Warning to pet owners issued ahead of Valentine’s Day

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Valentines Day gifts
Image by pasja1000 on Pixabay

UK pet emergency service Vets Now is calling for pet owners to be mindful this Valentine’s Day, as gifts of chocolate and flower can have serious consequences on the health of pets.

“Small pleasures are holding stronger than ever during the global pandemic and Britons are expected to splash out an estimated £1 billion on Valentine’s Day,” a Vets Now statement says. “The most popular gift, at over 30 per cent of this spend, is set to be flowers, followed by chocolates and then pampering products such as clothing and lingerie.

“But pet owners should be aware that many of these are potentially dangerous for dogs and cats.”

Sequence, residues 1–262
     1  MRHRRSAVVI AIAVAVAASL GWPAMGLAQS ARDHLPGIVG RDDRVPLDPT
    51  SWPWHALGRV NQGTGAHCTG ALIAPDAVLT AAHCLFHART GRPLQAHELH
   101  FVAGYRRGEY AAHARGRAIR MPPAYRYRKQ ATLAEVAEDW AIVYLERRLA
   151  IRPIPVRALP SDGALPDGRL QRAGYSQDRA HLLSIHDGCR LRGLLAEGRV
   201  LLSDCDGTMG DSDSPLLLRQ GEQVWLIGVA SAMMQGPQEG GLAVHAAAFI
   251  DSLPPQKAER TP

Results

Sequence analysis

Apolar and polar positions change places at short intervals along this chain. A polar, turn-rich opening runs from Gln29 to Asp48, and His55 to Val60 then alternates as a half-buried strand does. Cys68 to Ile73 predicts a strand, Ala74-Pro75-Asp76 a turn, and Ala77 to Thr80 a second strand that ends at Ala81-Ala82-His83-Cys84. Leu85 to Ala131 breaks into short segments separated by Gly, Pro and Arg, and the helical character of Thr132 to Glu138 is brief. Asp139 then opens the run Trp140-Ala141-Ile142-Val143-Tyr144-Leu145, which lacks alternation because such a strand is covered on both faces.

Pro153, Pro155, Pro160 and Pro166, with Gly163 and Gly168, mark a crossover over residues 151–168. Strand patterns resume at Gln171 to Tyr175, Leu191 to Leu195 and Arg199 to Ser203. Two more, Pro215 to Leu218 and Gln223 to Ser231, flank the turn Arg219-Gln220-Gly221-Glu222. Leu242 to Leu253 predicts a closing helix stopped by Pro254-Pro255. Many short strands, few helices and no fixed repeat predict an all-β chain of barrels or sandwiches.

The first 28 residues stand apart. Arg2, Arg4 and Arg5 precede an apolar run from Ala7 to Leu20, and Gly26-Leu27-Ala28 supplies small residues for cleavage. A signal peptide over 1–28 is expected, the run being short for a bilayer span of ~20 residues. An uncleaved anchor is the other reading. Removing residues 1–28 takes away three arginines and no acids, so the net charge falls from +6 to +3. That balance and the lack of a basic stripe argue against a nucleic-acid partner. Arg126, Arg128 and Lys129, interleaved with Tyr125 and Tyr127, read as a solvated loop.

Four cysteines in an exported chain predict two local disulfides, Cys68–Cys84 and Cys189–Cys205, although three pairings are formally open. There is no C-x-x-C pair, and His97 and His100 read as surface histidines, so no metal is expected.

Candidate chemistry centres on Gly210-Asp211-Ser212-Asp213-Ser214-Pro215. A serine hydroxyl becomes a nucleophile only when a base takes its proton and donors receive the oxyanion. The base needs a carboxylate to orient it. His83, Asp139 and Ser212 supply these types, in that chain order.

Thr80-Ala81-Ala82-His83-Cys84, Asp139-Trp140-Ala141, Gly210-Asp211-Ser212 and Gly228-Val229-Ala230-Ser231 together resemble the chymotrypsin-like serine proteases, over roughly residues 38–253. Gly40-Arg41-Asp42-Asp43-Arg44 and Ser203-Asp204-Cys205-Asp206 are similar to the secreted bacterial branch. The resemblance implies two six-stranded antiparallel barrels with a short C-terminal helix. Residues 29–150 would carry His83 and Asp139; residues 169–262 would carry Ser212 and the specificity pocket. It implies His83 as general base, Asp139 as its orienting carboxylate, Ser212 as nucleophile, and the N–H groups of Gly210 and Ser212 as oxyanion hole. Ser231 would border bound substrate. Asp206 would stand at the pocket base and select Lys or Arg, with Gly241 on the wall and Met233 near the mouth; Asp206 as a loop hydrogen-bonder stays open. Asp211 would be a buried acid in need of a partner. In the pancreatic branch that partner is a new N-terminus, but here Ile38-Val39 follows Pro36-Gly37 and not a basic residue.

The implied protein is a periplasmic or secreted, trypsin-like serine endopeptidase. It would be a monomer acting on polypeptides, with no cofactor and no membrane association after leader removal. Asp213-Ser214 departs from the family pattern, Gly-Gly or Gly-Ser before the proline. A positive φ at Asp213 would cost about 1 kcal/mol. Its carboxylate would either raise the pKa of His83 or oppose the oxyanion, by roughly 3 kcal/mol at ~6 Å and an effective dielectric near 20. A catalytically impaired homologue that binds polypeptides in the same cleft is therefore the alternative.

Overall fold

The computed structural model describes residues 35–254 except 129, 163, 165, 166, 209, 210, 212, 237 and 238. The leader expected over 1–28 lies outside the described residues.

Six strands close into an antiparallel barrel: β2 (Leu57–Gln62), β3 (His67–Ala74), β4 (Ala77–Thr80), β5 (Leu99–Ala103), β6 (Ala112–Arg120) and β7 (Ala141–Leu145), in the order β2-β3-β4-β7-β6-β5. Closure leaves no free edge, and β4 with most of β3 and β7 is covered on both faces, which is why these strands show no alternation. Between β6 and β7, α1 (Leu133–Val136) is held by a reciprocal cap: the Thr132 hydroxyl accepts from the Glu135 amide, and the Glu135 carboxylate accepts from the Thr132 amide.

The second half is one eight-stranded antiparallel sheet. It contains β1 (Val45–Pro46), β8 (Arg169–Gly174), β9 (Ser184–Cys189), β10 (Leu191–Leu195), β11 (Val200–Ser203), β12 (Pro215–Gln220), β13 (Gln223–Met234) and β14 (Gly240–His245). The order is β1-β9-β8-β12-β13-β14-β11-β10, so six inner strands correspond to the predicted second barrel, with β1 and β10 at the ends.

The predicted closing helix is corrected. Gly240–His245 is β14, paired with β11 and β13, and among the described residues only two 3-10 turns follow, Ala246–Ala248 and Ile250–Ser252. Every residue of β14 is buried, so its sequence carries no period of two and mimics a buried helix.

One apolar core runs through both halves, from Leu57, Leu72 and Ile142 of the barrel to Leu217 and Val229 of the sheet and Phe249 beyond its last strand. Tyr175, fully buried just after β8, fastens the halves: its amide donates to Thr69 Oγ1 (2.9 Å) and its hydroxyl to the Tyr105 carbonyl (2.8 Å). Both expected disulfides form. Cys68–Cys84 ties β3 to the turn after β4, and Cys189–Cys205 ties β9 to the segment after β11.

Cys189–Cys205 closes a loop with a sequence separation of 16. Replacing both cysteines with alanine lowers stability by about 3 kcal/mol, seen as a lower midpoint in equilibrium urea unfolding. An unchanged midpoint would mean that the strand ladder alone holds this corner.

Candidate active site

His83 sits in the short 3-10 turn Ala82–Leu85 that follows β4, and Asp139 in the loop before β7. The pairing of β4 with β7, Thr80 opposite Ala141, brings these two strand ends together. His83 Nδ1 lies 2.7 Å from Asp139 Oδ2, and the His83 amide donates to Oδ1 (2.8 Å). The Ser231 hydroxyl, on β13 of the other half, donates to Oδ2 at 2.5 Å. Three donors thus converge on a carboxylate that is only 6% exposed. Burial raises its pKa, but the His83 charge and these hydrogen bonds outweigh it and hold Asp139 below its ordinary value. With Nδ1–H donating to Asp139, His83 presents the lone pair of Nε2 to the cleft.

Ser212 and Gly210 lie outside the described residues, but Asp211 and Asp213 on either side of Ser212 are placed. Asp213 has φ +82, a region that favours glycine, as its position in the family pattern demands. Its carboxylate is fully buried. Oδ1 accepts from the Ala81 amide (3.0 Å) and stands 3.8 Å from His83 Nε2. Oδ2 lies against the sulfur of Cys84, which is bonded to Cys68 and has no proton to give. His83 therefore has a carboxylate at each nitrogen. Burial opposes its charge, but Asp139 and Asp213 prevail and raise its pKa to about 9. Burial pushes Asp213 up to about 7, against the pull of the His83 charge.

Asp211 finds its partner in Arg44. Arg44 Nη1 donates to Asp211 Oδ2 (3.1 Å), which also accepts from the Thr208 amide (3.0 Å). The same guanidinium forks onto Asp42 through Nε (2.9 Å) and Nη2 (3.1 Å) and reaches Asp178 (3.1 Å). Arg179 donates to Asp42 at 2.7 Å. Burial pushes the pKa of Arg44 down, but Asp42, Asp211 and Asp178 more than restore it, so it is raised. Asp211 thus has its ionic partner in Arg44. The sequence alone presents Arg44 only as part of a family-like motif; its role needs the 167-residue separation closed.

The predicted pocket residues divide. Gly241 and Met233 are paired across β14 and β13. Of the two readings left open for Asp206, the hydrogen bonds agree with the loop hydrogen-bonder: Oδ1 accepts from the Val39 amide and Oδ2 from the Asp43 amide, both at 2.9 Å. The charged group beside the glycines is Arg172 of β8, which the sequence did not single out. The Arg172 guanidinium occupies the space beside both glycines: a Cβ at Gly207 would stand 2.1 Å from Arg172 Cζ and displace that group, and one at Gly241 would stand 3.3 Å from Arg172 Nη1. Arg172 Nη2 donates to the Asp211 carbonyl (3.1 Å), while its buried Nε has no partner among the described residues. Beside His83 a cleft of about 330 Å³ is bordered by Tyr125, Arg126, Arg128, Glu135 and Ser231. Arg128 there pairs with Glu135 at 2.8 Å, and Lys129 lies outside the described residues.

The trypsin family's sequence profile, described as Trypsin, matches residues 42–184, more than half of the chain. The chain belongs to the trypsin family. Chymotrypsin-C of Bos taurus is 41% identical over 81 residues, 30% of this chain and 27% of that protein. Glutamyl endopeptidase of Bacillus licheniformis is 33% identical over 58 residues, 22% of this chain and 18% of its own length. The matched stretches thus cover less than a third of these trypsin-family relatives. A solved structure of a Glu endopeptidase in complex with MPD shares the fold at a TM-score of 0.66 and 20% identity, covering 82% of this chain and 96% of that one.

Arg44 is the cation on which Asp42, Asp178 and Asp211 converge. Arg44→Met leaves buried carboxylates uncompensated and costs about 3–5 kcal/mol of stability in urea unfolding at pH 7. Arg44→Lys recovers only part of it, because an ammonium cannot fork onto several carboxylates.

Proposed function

Hundreds of cats have been admitted to Vets Now’s out-of-hours clinics and 24/7 pet emergency hospitals as a result of coming into contact with flowers – paticularly with lilies, which can be deadly.

Image by Kerstin Riemer on Pixabay

Vets Now head of telehealth, Dave Leicester, said, “We see a big rise in pet emergency cases over Valentine’s and often it’s due to cats and dogs eating things they shouldn’t such as lilies and chocolate.

“While most pet owners are well aware of the dangers chocolate can pose, not everyone knows about dangerous flowers. Some popular bouquets can be extremely poisonous to cats and dogs, causing vomiting, diarrhoea, and even kidney failure if swallowed.

“Lilies are particularly poisonous to cats and what makes them so dangerous is that all parts of the plant are toxic and even small ingestions, such as two or three leaves or petals, or water from a vase containing lilies, can be potentially fatal.”

Valentine's Day gifts
Foto di Bruno /Germany da Pixabay

Several types of flowers and plants can be toxic to dogs as well, and hundreds of dogs and cats are treated every day in the UK for poisoning. A list of toxic plants, garden and household substances to look out for can be found here.

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